In 1961, Bharati Mukherjee moved from India to Iowa. She was in her early 20s and single. With a recent master’s degree from the University of Baroda, she had come to earn her MFA from the Iowa Writers’ Workshop.
What it must have been like for a young Indian woman to plop into the American heartland of 1961!
Mukherjee, who passed away on Jan. 28 after a career writing tales about immigrant life, probably doesn’t fit many people’s stereotypical image of the Indian immigrant woman in America. Often it’s the man — the husband — who is seen as the primary immigrant, whether he’s a doctor, IT professional, or Kwik-E-Mart owner. The Indian immigrant woman is the trailing spouse, following along. In many of Jhumpa Lahiri’s masterful stories, for example, the Indian immigrant woman is the lonely wife, isolated as a homemaker in an alien country.
While there’s truth to this image, there’s also an understudied group of Indian immigrant women — those who came to America not as someone’s spouse or relative, but as independent women to pursue higher education or career opportunities. And it’s these independent Indian immigrant women who are the primary focus of the recent book Indian Immigrant Women and Work: The American Experience, by Ramya M. Vijaya and Bidisha Biswas.
For their research, the authors conducted structured interviews with around two dozen Indian immigrant women who came to the United States for work or study. Nearly all were unmarried when they arrived. Some came to America as early as the 1970s; some came as recently as the 2000s.
Despite spanning a range of generations, career fields, and family and geographical backgrounds in India, common patterns emerged. Indian women by their early 20s would hit a “combined personal and professional wall.” Their families would go only so far in encouraging their educational and career goals. At a certain point the women were expected to give it all up for a traditional wedding and family life. One woman said, “I did see my friends get married in India, and I didn’t want that.” Another woman said, “My sister was married at 21, arranged at 17. I was in class 8. I was devastated by that; I did not want an arranged marriage.” Facing this wall in India, the women saw immigration as “a tool to expand choices,” as the authors put it.
While many of these women did say that their mother or an older female family member supported their desire to go overseas, the decision to come to America for work or education was often ultimately a small act of rebellion as life’s choices narrowed. The authors describe this as an example of “micropolitics”: how change happens through “the everyday lived experiences of individuals questioning and challenging limitations.”
“The decision to come to America for work or education was often ultimately a small act of rebellion.”
Once in America, the women in this study encountered many opportunities, but also some challenges. For example, learning how to be assertive. “Indian women are bred to be meek, to be good listeners,” said one woman with an MBA from a highly regarded Indian institution. Then there’s the “culture of going out at night.” Women across generations mentioned their unease with American drinking culture. For example: “I don’t drink much; that’s a big part of work-based socialization in the U.S. I feel like I have missed out on networking because of that, because of my lack of interest in happy hours.”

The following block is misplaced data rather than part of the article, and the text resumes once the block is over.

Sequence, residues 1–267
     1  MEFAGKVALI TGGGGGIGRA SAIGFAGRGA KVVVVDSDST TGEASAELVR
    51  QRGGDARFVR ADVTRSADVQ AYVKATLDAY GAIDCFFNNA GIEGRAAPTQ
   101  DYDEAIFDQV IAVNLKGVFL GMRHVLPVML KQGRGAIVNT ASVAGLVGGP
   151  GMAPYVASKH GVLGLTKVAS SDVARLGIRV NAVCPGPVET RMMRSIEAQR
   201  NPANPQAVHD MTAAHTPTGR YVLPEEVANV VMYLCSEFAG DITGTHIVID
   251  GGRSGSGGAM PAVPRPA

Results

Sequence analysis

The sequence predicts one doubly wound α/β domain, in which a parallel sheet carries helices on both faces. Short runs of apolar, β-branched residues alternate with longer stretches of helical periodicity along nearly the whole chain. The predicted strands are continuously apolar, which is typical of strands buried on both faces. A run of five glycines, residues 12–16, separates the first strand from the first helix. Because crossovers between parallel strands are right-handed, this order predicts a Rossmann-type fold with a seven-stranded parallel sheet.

There are also gendered challenges to fitting in. Due to U.S. immigration policies and Indian education policies, the majority of the women in this study had a background in science or technology fields — mostly male-dominated arenas. The women commonly mentioned that sports talk was an impediment to integrating into American workplace culture. “I feel that Indian men solve that problem quicker because they talk about sports more easily,” one woman said. Some women said they scan sports magazines so they can at least have surface-level chatter at the office.
“Reading this book made me really appreciate and admire these pioneering women.”
Reading this book made me really appreciate and admire these pioneering women. They left home at a young age, all alone, and encountered a new country with customs and a culture that were unfamiliar to them. They often studied and worked in fields that were male dominated, which is hard enough if you aren’t an immigrant. Back home in India, they were seen as aberrations — women who didn’t take the normal life path.
In conducting this study and writing the book, the authors have made an important contribution to better understanding independent Indian immigrant women. Each woman made individual decisions that pushed the limits of what was considered the norm for an Indian woman, and together these micro-level acts have contributed to larger societal changes that have expanded opportunities for women.
(One thing to be aware of about this roughly 95-page book is that it’s from an academic publisher, which means it’s kind of expensive — around $60. Borrowing it through a university library or obtaining it through interlibrary loan might be the way to go. If you’re interested in the topic of this book, you can also watch this video, in which Vijaya talks about the findings presented in the book.)
The immigration story of Bharati Mukherjee to Iowa is no longer quite as unusual as it must have been in 1961. Each independent Indian immigrant woman’s personal decisions have paved the path for other women to pursue their own journeys.
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